Saturday, May 31, 2008

Omniscience

     Some people claim that their god is omniscient. I am inclined to claim their god is non-existent. Now, strictly speaking, there are two ways to take a claim of omniscience. One is that the being knows everything that will ever be of consequence to us. The other is that the being knows everything period. The first is possible (though highly doubtful.) The second is not.
     Consider the statement "'does not produce a statement that god believes when preceded by its own quotation' does not produce a statement that god believes when preceded by its own quotation." I realize it's a mouthful. I believe it is a true statement because I do not believe there exists a god to believe that or any other statement. But suppose there is a god. If he believes that statement, then it is false. A god who believes a false statement is not omniscient. Well, suppose he does not believe it. Well, that is just what the statement says; and so we have a true statement that the god does not believe. He may or may not actively disbelieve it. Either way, he is not omniscient.

5 comments:

Writer, Splinters of Silver.com said...

Pvblivs,

Could you expound a little on your 'statement': Consider the statement "'does not produce a statement that god believes when preceded by its own quotation' does not produce a statement that god believes when preceded by its own quotation."

Also, I was wondering: You asked if God 'knows everything period.' but then you talk about whether God 'believes' a statement you wrote.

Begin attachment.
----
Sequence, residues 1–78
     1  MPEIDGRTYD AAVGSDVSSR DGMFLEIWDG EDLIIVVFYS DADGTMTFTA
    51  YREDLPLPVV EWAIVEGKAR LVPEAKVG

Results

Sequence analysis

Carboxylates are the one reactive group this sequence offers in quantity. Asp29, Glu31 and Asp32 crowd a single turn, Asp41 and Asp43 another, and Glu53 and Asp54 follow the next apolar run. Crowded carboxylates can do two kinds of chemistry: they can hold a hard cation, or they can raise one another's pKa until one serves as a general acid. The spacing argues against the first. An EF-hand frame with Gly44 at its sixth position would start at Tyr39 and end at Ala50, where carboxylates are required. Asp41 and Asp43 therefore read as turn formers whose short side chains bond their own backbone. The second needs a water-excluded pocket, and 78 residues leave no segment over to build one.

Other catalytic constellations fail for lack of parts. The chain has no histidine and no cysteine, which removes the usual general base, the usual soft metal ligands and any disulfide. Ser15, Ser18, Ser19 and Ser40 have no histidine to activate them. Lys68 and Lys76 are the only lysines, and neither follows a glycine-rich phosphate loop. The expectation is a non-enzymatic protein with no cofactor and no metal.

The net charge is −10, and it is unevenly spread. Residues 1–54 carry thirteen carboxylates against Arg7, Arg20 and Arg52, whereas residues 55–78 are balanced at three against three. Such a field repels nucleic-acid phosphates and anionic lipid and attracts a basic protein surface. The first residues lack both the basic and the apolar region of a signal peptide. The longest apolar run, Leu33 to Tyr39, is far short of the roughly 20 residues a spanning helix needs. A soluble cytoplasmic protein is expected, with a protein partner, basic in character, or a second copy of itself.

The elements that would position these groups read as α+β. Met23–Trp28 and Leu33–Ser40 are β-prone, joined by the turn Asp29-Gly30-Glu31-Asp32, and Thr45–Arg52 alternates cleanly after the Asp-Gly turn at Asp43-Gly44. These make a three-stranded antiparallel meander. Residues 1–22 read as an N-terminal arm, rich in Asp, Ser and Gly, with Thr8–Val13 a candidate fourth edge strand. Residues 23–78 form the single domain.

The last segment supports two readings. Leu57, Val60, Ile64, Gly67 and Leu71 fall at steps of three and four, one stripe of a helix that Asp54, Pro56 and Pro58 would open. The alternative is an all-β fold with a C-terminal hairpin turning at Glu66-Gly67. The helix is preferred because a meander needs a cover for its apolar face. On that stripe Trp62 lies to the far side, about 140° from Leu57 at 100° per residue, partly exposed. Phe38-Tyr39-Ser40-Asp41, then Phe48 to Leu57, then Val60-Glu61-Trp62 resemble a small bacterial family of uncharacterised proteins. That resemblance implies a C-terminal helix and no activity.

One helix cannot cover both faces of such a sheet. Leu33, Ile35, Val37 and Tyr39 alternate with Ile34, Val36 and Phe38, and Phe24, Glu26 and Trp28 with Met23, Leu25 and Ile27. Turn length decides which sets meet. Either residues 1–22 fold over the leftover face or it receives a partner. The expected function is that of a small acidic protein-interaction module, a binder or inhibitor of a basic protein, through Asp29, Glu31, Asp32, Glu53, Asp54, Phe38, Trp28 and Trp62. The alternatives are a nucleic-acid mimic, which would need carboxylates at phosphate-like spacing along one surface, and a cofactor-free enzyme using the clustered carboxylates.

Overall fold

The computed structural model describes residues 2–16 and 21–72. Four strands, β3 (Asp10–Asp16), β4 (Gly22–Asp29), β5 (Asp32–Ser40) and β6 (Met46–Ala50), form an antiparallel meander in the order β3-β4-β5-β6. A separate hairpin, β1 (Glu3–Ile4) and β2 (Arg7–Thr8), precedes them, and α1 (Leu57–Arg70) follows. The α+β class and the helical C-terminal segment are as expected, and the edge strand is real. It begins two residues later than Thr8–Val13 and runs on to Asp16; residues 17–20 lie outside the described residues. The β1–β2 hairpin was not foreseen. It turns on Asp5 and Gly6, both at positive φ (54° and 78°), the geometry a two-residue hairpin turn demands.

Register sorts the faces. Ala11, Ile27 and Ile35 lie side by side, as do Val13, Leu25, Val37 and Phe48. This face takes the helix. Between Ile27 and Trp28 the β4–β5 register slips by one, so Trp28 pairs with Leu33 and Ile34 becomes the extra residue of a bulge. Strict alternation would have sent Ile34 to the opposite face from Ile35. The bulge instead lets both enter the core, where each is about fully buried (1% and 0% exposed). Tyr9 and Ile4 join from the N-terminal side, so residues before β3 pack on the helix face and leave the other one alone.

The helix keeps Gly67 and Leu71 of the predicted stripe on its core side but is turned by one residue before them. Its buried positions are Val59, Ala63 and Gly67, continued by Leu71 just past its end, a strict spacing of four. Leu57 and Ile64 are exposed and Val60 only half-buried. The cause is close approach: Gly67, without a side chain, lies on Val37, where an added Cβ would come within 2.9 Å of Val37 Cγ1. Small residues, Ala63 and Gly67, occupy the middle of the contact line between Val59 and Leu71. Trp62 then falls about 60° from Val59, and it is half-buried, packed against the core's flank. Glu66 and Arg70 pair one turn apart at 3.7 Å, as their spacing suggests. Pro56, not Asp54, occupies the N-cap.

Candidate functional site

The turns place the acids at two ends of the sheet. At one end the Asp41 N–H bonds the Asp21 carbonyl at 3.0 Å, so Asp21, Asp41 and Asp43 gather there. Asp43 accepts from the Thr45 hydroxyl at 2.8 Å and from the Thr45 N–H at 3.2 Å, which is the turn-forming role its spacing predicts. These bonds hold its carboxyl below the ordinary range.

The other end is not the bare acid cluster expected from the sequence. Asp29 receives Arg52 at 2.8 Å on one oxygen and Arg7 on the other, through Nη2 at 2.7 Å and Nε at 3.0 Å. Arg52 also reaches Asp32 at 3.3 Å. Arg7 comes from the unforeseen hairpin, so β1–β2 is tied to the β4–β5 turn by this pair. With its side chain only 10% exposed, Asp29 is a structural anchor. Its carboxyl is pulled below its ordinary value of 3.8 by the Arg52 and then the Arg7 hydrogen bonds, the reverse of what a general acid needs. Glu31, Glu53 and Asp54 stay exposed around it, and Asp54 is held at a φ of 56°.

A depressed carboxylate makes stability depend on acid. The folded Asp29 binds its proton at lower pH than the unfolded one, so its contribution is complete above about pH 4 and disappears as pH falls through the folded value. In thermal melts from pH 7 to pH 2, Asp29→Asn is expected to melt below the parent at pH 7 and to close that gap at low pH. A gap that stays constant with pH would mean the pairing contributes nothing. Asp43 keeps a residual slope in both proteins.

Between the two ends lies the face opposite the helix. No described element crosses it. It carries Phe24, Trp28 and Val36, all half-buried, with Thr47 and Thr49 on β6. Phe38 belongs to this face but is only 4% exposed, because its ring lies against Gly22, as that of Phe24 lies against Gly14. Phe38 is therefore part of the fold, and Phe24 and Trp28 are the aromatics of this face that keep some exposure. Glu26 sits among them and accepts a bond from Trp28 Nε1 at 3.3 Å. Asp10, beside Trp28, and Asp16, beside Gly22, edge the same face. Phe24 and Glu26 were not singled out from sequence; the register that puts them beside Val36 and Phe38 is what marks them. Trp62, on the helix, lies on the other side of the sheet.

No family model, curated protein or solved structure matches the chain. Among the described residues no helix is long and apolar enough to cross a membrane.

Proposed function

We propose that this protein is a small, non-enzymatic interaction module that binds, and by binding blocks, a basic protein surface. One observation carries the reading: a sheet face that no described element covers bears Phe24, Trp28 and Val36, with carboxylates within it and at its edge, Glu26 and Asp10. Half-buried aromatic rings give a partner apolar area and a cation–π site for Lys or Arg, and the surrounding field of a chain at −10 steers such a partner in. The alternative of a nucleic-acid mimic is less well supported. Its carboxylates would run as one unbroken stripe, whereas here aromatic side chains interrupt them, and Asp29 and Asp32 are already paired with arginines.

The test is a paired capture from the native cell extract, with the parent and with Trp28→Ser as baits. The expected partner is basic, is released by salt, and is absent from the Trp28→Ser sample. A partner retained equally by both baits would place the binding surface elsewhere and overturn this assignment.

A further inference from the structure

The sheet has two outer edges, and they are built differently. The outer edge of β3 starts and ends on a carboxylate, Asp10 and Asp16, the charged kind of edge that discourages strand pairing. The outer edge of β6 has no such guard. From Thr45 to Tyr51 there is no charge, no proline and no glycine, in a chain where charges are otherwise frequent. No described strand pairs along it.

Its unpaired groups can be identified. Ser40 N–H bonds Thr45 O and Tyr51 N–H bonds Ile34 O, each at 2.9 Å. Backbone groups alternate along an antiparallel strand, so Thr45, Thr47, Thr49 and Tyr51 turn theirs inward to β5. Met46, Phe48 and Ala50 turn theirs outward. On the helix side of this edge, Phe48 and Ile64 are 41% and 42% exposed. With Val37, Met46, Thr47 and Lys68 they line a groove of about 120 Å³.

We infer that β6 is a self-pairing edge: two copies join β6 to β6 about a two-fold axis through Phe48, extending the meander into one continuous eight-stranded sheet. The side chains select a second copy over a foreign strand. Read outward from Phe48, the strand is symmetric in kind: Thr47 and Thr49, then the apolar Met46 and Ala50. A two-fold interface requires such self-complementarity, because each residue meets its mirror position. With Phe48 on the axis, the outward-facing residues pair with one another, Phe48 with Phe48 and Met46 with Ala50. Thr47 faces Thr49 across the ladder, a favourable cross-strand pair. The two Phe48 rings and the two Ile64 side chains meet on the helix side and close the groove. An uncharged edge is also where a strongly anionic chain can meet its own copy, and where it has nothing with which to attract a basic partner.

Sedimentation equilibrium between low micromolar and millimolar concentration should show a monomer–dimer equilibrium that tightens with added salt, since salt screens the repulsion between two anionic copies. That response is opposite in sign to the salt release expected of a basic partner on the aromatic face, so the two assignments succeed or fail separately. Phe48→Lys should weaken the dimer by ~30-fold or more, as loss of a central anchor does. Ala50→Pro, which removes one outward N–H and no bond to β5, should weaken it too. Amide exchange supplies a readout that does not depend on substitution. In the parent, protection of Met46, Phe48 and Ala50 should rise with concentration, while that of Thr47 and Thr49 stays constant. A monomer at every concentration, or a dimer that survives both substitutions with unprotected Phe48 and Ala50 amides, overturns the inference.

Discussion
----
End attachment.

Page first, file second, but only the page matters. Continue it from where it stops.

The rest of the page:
With omniscience comes the knowledge of the writer (you), the idea (your thoughts), the intent (your heart), and the facts (truth or lie).

God not only looks at your statement, but the entirey of all that surrounds it. In fact, He actually knew it all before you actually thought it up. This is omniscience.

It is not simply knowing what is, but to know what will be as though it is (knowing the past and future in present tense).

Tim

Pvblivs said...

     I thought the concept of something preceded by its own quotation was self-explanatory; but I will give a simpler example. The quotation of something is just that thing in quotation marks. So the quotation of "that" is "'that.'" Now, if you precede something by its own quotation you have the quotation first followed by the thing unquoted; so "a sandwich" preceded by its own quotation becomes "'a sandwich' a sandwich." Obviously that operation does not always produce a statement. But sometimes it does. "Is not a sentence" preceded by its own quotation becomes "'is not a sentence' is not a sentence." Interestingly, it becomes a true statement because "is not a sentence" is only a sentence fragment.
     A being that knows everything about a particular field believes all true statements within the field and disbelieves all false statements within the field. If a god exists, it is meaningful to talk about his beliefs. In this manner I can construct a statement which is either a true statement that the god does not believe or a false statement that he does. Of course, while this statement demonstrated that there are limits to the god's knowledge, it serves no other purpose. It doesn't change anything we do.

Writer, Splinters of Silver.com said...

Since God is omniscience 'all knowing', would He not know the 'false' and the 'true' of the statment without having to actually put belief into either?

You write: 'I believe it is a true statement because I do not believe there exists a god to believe that or any other statement.'

But we must remember, simply because we believe or write something does not make it true. Even though it could appear absolute in our minds, it could be relative in the mind of another. Especially, in the mind of one of higher intelligence than ourselves.

Tim

Pvblivs said...

     Knowing something implies believing it. If I know a particular ball is red, then I also believe it. If I have no beliefs about something, it is a complete "I don't know."

flinging dust said...

I'm just stopping in to say hello.

::waves to pvblivs::

I like your comments at Ray's :)